Think of all the gun ranges put out of business if we did that!

Of course, that is a comment on the mechanics; as far as process goes, the number is zero, since one of the basic rules of guns safety is “the gun is always loaded.”

I don’t think a crazy guy should be allowed to pump out 150 soldier-killer bullets in 5 minutes, with most of them going into the heads and faces of more than a score of 6-year-old kids. You seem to think that is such a sacred right that we . . . well, I don’t know what you propose.

You seem to think that forcing crazy men to reload is unfair. I think you’re not being fair to those six-year-old kids.

The evidence in Newtown is that the one reload he did took 11 seconds, and a teacher got 11 kids out of the school, to safety, in that time.

It took him five shots to blast through the safety lock on the door — had he been limited to five-round clips, he’d have been out of ammo in one gun just getting through the door.

I cannot imagine why you think we can’t be fair to six year old kids, but we must give crazy men more than a sporting chance to murder 20 unarmed people. I think my rights would be safer if I didn’t go with your defense of the crazy man’s rights.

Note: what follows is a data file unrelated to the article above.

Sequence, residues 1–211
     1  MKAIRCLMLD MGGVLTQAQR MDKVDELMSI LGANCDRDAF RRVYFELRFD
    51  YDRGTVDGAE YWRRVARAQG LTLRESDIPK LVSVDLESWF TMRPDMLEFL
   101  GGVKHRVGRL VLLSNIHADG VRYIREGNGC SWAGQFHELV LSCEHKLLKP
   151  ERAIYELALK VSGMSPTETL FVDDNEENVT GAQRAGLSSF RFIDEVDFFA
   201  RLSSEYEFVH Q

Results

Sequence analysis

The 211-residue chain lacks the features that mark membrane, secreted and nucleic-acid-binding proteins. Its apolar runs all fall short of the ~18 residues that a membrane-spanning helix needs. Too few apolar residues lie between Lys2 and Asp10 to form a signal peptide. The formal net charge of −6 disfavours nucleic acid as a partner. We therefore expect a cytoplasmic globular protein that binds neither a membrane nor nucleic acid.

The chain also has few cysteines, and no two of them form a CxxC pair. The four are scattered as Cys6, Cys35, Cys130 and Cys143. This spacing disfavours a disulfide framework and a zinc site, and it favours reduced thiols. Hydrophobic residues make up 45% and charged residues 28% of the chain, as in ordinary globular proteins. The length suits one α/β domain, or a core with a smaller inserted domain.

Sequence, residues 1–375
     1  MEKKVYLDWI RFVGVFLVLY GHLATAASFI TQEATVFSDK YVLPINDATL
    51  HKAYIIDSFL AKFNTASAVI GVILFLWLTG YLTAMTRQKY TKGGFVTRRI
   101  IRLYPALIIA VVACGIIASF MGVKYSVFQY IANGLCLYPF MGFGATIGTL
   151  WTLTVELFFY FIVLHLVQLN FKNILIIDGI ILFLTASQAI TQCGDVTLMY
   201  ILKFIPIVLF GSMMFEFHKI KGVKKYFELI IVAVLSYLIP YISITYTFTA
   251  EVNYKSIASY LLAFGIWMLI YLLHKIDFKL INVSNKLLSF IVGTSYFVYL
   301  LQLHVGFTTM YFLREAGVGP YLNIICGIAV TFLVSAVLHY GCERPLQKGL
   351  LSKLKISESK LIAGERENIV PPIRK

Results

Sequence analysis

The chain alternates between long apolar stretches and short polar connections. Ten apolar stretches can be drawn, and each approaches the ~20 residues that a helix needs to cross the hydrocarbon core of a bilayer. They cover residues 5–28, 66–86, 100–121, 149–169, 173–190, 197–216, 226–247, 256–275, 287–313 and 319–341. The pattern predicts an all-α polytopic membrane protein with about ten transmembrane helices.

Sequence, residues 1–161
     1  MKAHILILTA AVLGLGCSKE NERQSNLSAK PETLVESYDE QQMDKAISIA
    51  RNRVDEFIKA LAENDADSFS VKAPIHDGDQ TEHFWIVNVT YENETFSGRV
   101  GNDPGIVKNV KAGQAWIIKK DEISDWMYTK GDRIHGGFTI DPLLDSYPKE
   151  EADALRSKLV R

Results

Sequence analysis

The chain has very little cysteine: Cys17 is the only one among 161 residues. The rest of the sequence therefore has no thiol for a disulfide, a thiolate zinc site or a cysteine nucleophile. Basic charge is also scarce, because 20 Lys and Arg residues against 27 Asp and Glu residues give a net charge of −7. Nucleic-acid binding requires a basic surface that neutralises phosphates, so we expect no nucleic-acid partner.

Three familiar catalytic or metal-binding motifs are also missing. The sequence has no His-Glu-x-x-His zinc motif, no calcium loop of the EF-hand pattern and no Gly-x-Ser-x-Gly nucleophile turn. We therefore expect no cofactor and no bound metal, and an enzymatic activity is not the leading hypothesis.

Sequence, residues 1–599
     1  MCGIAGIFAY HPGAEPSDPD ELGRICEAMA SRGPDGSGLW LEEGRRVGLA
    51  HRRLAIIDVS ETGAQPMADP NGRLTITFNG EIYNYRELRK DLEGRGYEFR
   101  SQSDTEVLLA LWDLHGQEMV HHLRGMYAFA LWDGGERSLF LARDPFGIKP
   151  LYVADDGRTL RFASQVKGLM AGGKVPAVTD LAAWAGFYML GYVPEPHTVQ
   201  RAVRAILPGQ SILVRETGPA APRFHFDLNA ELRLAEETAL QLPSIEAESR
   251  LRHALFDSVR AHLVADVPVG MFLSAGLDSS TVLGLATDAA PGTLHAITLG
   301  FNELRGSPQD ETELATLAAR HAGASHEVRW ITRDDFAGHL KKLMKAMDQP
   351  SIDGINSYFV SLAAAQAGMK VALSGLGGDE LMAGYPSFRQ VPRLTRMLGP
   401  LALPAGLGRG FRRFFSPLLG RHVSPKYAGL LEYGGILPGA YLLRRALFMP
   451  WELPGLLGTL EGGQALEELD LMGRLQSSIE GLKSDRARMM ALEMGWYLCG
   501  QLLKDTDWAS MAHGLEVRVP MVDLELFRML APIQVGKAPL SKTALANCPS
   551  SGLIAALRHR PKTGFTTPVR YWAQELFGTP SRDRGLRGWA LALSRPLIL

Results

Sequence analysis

Now, is it technically impossible to limit the rounds and reduce the carnage? Not according to the record.

Facts are stubborn things. That old John Adams sure got that right.

If I were Sen. Rubio, considering for the moment supporting this gun “safety” bill, and decided to read it all the way through, I’d change my mind and oppose it the first time I saw something about magazine capacity limits, because that would tell me someone wrote it without knowing anything about how guns are supposed to be treated around a public that we don’t want to be hurt by them. Which is the subject of the bill.